Thursday, December 17, 2015

Lightweight AVR assembler functions

Over the past few years, I've written a few posts about small problems in the way avr-gcc generates code.  These problems are typically poor optimization, and since they don't cause problems in program functionality, they tend not to be fixed.  I believe the biggest opportunity in optimization is in inter-procedure register analysis, which is being worked on in GCC 5, but is unlikely to support 8-bit AVR MCUs.  Therefore I have developed a lightweight ABI for calling assembler functions:

inline void eelog(char logdata)
    // no output, x register input, no clobbers
    asm volatile (
    "rcall eelog_\n"
    : "x" (logdata)
    : );

Before explaining the above code, it helps to understand the standard avr-gcc register usage.  Functions are free to use registers r18-r27 and r30-31, which means that if the code the calls a function is using any of these registers, they need to be saved before calling the function.   This applies even if the called function doesn't even modify any of the registers, since the compiler doesn't do inter-procedure register analysis.  The following small program and assembler code shows what I mean:

void main(void)
    volatile uint8_t* ioreg;
    uint8_t offset = 0x3f;
    ioreg = (uint8_t*)0x0020;
    do {
        eelog(*(ioreg + offset));
    } while ( offset-- );

00000092 <main>:
  92:   cf 93           push    r28
  94:   8a e2           ldi     r24, 0x2A       ; 42
  96:   f4 df           rcall   .-24            ; 0x80 <eelog>
  98:   cf e3           ldi     r28, 0x3F       ; 63
  9a:   ec 2f           mov     r30, r28
  9c:   f0 e0           ldi     r31, 0x00       ; 0
  9e:   80 a1           ldd     r24, Z+32       ; 0x20
  a0:   ef df           rcall   .-34            ; 0x80 <eelog>
  a2:   c1 50           subi    r28, 0x01       ; 1
  a4:   d0 f7           brcc    .-12            ; 0x9a <main+0x8>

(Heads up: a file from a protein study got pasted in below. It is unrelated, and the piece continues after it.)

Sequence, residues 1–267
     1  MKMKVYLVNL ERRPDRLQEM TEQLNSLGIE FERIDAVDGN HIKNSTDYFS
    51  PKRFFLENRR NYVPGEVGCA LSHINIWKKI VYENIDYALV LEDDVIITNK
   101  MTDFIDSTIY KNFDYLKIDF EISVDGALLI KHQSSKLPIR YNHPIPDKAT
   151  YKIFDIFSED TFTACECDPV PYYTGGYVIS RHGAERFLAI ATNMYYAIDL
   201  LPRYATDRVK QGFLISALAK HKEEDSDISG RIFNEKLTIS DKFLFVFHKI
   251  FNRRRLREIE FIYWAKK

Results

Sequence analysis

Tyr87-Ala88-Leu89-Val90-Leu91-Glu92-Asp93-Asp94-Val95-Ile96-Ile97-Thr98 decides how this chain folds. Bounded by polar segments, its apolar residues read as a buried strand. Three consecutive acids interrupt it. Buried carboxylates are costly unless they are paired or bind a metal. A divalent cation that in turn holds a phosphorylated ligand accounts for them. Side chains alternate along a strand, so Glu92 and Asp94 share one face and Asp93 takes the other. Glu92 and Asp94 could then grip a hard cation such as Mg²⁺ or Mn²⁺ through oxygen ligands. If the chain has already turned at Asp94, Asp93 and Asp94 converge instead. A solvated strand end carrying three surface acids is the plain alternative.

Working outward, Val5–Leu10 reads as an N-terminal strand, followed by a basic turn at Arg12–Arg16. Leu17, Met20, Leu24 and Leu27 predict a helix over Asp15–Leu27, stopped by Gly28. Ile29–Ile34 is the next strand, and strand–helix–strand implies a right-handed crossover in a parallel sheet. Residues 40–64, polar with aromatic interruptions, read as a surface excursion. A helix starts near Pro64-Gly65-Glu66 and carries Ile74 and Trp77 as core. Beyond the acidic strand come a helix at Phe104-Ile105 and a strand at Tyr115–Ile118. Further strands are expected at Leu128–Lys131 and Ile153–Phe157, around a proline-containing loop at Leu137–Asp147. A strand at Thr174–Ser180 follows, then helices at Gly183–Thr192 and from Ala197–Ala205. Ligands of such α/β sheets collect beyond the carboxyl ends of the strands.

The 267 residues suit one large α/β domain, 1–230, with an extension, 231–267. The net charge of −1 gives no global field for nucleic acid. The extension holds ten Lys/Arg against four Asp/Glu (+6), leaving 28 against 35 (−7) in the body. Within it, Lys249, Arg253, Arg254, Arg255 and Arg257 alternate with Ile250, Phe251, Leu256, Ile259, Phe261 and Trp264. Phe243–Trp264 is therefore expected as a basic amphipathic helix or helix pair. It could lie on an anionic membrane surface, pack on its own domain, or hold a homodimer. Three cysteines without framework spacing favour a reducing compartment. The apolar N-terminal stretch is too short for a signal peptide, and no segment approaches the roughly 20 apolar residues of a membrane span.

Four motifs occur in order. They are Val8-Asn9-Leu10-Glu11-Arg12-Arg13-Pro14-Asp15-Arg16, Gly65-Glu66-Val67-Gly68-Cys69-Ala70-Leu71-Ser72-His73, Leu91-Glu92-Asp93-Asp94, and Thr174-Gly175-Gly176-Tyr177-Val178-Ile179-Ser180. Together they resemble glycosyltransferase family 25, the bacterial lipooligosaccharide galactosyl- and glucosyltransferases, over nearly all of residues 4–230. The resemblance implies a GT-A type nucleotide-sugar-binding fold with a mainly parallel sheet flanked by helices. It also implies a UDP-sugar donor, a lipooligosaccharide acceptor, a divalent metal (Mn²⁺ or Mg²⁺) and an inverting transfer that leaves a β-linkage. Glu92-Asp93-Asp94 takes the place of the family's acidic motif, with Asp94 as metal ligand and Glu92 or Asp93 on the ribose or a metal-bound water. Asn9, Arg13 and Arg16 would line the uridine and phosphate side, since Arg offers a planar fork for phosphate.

a6:   cf 91           pop     r28
  a8:   08 95           ret

The compiler uses r28 for the offset counter, since the function being called is not allowed to use r28/r29 (aka the Y register).  Since r30/31 (Z) can be modified (clobbered) by the function, the Z register needs to be initialized each time through the loop (at 0x9a and 0x9c).  The single parameter is passed in r24.

Although I've been programming in AVR assembler for a few years now, it has taken me a while to learn inline asm.  I still prefer writing in plain asm, but inline asm is the only way I've found to call assembler functions from C without having to follow the standard calling convention.  The sample code at the start of this post defines a function named eelog that takes a single parameter passed in r26 (the low byte of the X register).  Using this technique, the compiler can safely use r24 for the offset counter instead of r28:
00000080 <main>:
  80:   aa e2           ldi     r26, 0x2A       ; 42
  82:   08 d0           rcall   .+16            ; 0x94 <eelog_>
  84:   8f e3           ldi     r24, 0x3F       ; 63
  86:   e8 2f           mov     r30, r24
  88:   f0 e0           ldi     r31, 0x00       ; 0
  8a:   a0 a1           ldd     r26, Z+32       ; 0x20
  8c:   03 d0           rcall   .+6             ; 0x94 <eelog_>
  8e:   81 50           subi    r24, 0x01       ; 1
  90:   d0 f7           brcc    .-12            ; 0x86 <main+0x6>
  92:   08 95           ret

A careful reader will notice that more optimal code would use r30 for the offset counter, but even recent versions of avr-gcc aren't that smart.  Given other examples of poor optimization have persisted for several years, it is unlikely avr-gcc will get as good as hand-written asm anytime soon.  Another thing sharp readers may notice is that the volatile keyword in the "asm volatile" statement is superfluous because asm statements that have no output operands are implicitly volatile.  I think it is best to leave it in, in case the function is later changed to have an output operand, or if it is used as a template for another function.

If anyone is wondering why I didn't make a simplified version of the the standard calling convention that just used r24/25, it is because there is no inline asm constraint for r24/r25.  The constraint "w" might get the compiler to use r24/25, but it also could use r26/27 (X), r28/29 (Y) or r30/31 (Z).


Using this technique can significantly reduce register pressure on the compiler, which will reduce code size and increase speed.  Inline asm constraints could also be used for a function that returns multiple values, without having to use a C struct.  Code can be found in my new avrutils repository.

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